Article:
Finally, you can play the game! First, open the SD card, enter Utilities and run !SparkFS (if you opened any zip archive before it should already be running in the iconbar). !SparkFS comes preinstalled with RISC OS on Raspberry Pi, but if for some reason you don't have it, you can download a free read-only version (it's enough for !ADFFS) from RISC OS Open website.
Now run !ADFFS itself - it's icon appears on the iconbar. Drag "Gods 1" onto ADFFS icon on the iconbar to put the floppy image into the virtual disk drive. Click with the middle mouse button on the ADFFS icon on the iconbar and choose "Boot floppy". When asked about "Boot floppy via a simulated Shift-Break?" answear "Yes", and voila - the game starts. After playing the intro you will be asked to insert disc 2, which you can do by pressing CTRL-SHIFT-F2 (disc one is CTRL-SHIFT-F1, disc three is CTRL-SHIFT-F3, etc). To quit the game press CTRL-ESC.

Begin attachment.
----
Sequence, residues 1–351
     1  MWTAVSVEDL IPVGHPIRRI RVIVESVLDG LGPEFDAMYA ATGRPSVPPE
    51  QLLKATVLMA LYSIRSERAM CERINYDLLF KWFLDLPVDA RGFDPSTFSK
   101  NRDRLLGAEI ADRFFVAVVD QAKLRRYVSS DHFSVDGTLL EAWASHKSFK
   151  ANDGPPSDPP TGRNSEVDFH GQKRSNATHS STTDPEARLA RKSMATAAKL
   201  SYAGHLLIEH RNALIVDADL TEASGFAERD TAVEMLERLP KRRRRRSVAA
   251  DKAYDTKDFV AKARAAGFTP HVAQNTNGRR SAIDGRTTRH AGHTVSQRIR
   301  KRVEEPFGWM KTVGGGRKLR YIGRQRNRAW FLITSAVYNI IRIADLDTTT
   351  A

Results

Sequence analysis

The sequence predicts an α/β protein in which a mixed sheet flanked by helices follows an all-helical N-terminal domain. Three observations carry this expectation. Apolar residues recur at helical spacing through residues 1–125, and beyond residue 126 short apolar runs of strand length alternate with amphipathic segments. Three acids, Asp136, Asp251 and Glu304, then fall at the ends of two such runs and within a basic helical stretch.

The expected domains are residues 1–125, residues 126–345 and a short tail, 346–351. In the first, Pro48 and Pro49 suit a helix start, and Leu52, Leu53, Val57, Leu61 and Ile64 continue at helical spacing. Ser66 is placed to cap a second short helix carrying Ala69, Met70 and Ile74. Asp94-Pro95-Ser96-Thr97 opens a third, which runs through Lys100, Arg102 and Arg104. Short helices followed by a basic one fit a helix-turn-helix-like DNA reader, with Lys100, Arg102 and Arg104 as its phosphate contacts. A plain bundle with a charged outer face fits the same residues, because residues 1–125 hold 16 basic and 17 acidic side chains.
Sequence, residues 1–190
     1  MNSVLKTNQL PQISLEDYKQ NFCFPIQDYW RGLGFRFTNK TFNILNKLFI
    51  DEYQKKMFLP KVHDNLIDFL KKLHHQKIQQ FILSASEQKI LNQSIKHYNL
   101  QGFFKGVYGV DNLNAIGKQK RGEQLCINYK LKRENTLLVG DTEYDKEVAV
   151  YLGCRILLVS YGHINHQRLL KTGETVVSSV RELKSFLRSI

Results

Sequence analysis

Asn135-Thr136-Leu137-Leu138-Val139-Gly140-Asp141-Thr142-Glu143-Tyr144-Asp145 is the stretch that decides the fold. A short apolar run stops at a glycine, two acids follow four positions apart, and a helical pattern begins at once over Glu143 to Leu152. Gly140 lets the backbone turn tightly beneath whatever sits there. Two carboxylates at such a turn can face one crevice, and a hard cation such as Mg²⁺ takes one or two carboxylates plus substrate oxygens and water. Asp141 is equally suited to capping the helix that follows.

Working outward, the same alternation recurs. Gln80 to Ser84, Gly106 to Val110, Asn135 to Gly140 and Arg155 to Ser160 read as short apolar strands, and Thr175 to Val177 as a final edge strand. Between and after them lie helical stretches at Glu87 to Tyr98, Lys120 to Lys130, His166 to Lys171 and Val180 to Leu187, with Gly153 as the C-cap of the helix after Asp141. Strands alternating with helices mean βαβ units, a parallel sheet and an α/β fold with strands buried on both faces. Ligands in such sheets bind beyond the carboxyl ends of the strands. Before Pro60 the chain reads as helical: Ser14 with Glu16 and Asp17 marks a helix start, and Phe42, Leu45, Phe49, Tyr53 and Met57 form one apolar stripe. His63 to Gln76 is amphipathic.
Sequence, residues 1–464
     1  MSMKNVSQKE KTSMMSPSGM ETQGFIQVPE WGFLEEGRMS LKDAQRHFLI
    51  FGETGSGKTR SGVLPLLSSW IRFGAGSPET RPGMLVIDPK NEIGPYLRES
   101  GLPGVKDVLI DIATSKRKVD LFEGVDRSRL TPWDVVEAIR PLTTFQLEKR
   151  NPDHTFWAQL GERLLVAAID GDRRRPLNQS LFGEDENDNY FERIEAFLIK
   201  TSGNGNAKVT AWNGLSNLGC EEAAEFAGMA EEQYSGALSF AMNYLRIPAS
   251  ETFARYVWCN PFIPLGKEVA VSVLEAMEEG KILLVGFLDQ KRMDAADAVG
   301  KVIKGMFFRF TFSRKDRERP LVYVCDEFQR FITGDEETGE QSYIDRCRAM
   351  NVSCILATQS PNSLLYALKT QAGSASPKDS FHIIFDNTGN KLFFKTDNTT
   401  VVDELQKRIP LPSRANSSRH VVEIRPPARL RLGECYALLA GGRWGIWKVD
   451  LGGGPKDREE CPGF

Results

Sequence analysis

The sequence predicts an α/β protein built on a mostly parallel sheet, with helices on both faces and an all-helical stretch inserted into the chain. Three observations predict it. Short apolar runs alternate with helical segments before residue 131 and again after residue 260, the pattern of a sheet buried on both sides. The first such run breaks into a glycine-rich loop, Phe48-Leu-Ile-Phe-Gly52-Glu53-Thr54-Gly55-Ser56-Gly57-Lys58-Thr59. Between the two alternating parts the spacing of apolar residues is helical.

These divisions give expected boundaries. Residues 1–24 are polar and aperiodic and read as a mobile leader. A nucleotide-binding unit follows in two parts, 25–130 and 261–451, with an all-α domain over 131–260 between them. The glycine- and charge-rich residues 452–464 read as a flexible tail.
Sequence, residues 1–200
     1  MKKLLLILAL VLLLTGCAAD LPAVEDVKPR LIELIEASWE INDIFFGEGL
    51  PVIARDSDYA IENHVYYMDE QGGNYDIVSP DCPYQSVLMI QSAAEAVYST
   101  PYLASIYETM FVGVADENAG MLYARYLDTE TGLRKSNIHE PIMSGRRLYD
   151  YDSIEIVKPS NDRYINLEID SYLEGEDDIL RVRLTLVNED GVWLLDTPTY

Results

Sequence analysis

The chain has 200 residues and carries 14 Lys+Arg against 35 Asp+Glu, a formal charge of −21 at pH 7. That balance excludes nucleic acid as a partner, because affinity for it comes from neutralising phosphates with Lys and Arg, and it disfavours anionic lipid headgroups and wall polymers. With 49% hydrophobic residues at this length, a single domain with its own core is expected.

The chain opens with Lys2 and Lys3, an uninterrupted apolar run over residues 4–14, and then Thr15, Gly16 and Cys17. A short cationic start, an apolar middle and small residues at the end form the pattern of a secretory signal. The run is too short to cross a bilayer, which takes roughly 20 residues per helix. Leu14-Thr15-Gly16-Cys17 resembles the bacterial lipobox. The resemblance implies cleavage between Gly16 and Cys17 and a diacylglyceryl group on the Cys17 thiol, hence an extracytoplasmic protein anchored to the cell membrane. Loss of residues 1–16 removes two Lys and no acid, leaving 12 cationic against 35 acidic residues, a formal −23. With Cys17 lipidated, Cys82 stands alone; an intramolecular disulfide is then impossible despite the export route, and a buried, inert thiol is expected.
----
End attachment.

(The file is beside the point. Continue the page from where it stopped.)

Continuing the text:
Tip: Want to play once more? Just click on ADFFS, select "Boot floppy"... why the game won't start? Yes, you put disc 2 in the drive during the game! Drag "Gods 1" over ADFFS and try booting again. Enjoy!

Saturday, November 7, 2015

Using Raspberry Pi with a VGA monitor

One of the most fantastic Raspberry Pi features is its ability to fit in a pocket. Whether you travel far away from home or just go for a short visit you can always have your whole workplace with you. You don't have to copy all the files to a pendrive and then look for a computer to work on, wondering if you bring back home a virus or find your secret files "backed up" on some peer-to-peer network. You don't have to carry a big case with heavy latop inside, either. All you need is to take your Pi out of your pocket and connect a mouse, a keyboard, and a TV.
But what if there is only one TV set, and suddenly everybody wants to watch TV or play the latest hit on a game console? Yes, you can use a good old (S)VGA monitor! It can be an interesting alternative to a big TV. A flat LCD monitor takes little space on desk and can be a useful way to recycle some old electronic stuff, instead of just throwing it away. You can make the world a better place by reusing an old monitor with Raspberry Pi!
I will show you how to connect Raspberry Pi running RISC OS to a regular computer monitor with VGA input, but most of the tips below should be useful for Linux users as well.